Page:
How ready for battle was the British Royal Air Force on the eve of World War Two? Who exactly were “the few” to whom we owe so much? What was their fighting capacity and was it equal to the challenge? John James, known in the
As with John Strawson, writer of the recently reviewed Battle for North Africa, John James takes the trouble to explain why he set out to write The Paladins. He admits this is not often done, but is “especially necessary in a book on a subject which has been treated so many times already. The only acceptable reasons, which are usually taken for granted and are not stated, are that the author thinks that the books which have appeared so far have defects, and that he has material which have not appeared in print before.”
James then tackles the defects of previous works on the Battle of Britain and the interwar years. Previous writers have been naïve or romantic or both. These are “ills to which professional historians are very subject.”
He believes previous authors have too readily believed the memoirs of those involved or the minutes of their meetings. “The war memoirs of any politician or general or scientist or great administrator should always be read as an attempt by this man to say that he himself, by his unaided efforts, won the war, or at least that the war could not have been won without him. The further we get from the war in question, the more likely we are to find a minor figure making this claim, since any who could contradict him are now dead.”
Romanticism also infects biographers, who invariably seek heroes or villains. Although not quite a biography, Buller was undoubtedly the hero of Thomas Pakenham`s The Boer War, while Roberts and Kitchener were the villains and Milner, Percy Fitzpatrick and Beit were the venal warmongers.
Documents are little better, James says. There is no necessary correlation between what was said at a meeting and what the final minutes record. Files are also extensively “pruned” before being sent to the archives. Draft minutes are not kept and what is pruned is destroyed – as well as any reference to the editing done. “The resulting paper stock is suspect,” James asserts.
So what is an “adequate source”? James explains: “As I read through the literature of the years before the Battle of Britiain, I became more and more doubtful of much of the material as based on ‘not good` sources. In particular I became suspicious of so much romantic verbiage with never a single table of numbers. I went to look for a source of numbers. It is all very well to talk of God being on the side of the big battalions, but it is scholarly to say how big those battalions were. I found sources which were “good”… Setting out these sources led me to several clear conclusions.”
What does he find? The Air Staff in the summer of 1933 decided they would be fighting a major war against a European power, probably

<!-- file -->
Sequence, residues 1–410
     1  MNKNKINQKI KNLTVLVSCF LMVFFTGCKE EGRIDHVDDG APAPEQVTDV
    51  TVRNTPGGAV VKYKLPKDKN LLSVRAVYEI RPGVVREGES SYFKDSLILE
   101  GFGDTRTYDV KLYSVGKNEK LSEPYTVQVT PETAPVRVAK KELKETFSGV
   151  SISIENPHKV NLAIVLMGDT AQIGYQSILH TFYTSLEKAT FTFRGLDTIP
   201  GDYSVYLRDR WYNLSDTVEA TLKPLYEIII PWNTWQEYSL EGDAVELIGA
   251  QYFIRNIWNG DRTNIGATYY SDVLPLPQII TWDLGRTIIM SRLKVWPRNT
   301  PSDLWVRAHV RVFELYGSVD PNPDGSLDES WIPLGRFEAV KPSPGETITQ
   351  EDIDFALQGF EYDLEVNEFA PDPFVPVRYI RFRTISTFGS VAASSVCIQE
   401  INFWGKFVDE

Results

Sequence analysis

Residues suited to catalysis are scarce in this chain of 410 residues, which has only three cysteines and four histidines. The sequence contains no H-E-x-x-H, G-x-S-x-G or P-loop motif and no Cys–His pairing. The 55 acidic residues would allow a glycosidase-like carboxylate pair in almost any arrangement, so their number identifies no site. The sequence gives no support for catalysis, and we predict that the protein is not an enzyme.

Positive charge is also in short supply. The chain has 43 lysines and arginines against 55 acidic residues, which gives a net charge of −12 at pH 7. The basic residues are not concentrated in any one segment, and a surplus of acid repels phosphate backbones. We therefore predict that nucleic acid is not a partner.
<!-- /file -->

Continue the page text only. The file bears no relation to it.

A plan, “Plan A”, was finalised in November 1933 and would come to fruition in March 1939 with 76 squadrons operating 960 aircraft, 336 of them bombers. More plans, up to “M” were later formalised when the politicians started to panic, but James finds only Plan “A” ever had any reality.
Even so, the preferred date for war was 1942, when the four-engine heavy bombers would be ready – as they, in fact, were.
Plan “A” contained a task chart and a manning plan.
A comprehensive building plan resulted, building in order training facilities for skilled artisans (among them Frank Whittle, the inventor of the British jet engine), then for aircrew and lastly, for operational squadrons. A new C3I system, based on radar and radio, was in place by late 1937. Existing squadrons were then stripped of pilots to staff flying training schools. New pilots started reaching their new squadrons from middle 1938. The tactics they were trained to use were based on those developed during the 1933 air exercises, held specifically for that purpose. “The command system and the manning of the squadrons were completed exactly on time in 1939 for the traditional campaigning season of late summer.”
Therefore, the few were not little in number and the RAF was not unready for war.
“The RAF was not by any means … ‘a small and inadequate force for the task it would be called on to perform.` On the contrary, it was designed for one specific battle in a particular confined area. The kind of battle it would be tactically, and the kind and number of units and of aeroplanes that would be necessary to fight it, were clear to commanders seven years before it (the Battle of Britain) opened.”
Where did James find his facts? It was all there, all along, for any politician, writer or German air attaché to find. He found his data in the publicly sold Air Estimates and in the Air Force Lists that, year after year, lists the number of aircrew, aircraft and squadrons. “These tables are the book… Figures are neutral… they only need common sense to be understood.”
Favourite quote: Inventing radar was easy. Any genius could do it.”
The Paladins – A social history of the RAF up to the outbreak of WWII.